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  1. How are the stages of chronic kidney disease defined?

  2. What are the different dialysis modalities, and how do patients choose one over another?

  3. What is the difference between an arteriovenous fistula and an arteriovenous graft? What are their associated complications?

  4. When is it appropriate to initiate dialysis?

  5. How are hemodialysis and peritoneal dialysis performed? What are their common complications?

  6. What complications are common in hospitalized patients with chronic kidney disease?

Over 26 million Americans, or approximately one in nine adults, have chronic kidney disease (CKD). These patients require special attention from hospitalists because of a high incidence of acute kidney injury (AKI) and other complications during hospitalization. These patients are at risk of AKI not only from known nephrotoxins, such as contrast agents and nonsteroidal anti-inflammatory drugs (NSAIDs), but also from other commonly prescribed agents. Other major issues in the hospital care of these patients include preservation of venous access, electrolyte and acid-base correction, and anemia management. As many of these patients advance to end-stage renal disease (ESRD) requiring dialysis, hospitalists should have a basic understanding of the principles of renal replacement therapy (RRT).

The National Kidney Foundation has defined a staging system for CKD (Table 248-1) based on glomerular filtration rate (GFR) as the best marker of kidney function. CKD is defined as an absolute GFR less than 60 cc/min, or structural or functional kidney abnormalities eg, hematuria, proteinuria, abnormal imaging) with a preserved GFR (> 90cc/min). Serum creatinine concentration (sCr) is a poor marker of kidney function, as normal values vary with age, gender, and muscle mass. It is especially inadequate in the setting of AKI. In the early stages of serious kidney injury, the sCr may be falsely reassuring, as it may only rise well after the initial insult. GFR is a better marker of kidney function and is used as the basis for the staging system.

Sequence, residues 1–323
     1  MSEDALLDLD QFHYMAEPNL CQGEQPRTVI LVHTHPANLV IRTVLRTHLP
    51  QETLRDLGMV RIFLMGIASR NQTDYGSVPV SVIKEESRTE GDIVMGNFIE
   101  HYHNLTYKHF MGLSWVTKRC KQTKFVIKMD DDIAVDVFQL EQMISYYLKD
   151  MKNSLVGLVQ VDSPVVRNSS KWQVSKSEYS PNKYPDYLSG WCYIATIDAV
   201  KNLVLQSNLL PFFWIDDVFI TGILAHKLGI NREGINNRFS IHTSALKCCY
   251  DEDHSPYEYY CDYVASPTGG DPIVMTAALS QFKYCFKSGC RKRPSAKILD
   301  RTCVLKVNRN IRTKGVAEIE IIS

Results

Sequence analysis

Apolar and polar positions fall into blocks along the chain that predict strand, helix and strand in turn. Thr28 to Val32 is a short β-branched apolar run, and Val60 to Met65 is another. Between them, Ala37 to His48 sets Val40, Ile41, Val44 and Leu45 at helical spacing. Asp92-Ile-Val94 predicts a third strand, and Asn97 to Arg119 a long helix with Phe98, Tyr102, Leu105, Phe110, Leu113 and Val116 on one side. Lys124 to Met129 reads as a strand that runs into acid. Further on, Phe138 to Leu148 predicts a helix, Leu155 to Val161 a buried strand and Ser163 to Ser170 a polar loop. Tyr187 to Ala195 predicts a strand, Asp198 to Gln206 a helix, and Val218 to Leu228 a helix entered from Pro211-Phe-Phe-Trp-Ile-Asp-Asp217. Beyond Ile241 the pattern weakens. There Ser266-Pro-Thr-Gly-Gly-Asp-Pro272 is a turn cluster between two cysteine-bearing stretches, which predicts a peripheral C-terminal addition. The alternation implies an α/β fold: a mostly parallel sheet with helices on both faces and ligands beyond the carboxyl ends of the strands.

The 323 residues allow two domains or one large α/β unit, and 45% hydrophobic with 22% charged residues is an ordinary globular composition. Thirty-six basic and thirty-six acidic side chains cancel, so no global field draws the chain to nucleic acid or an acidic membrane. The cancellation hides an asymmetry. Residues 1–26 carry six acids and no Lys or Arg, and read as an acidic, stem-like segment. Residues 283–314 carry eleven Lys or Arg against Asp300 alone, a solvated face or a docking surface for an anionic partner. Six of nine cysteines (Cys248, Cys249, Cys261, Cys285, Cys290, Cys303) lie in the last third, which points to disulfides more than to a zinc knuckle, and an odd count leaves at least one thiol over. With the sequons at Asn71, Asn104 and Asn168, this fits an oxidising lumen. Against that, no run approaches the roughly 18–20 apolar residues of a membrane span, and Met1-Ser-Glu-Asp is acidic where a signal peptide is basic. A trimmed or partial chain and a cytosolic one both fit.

Table 248-1 Chronic Kidney Disease Staging System

As GFR is not readily measured, mathematical formulae are used to estimate it. Both the Cockcroft-Gault and the Modification of Diet in Renal Disease (MDRD) formulas are commonly used, with many laboratory reports listing estimated GFR (eGFR) (Table 248-2). The Cockcroft-Gault formula is simple, but often overestimates kidney function. The MDRD is a more arduous calculation, but is more accurate in patients with advanced CKD. However, it underestimates GFR in patients with near-normal sCr. These formulas are only useful when sCr is in a steady state. When the sCr is rapidly changing, as in acute kidney injury, they are completely ...

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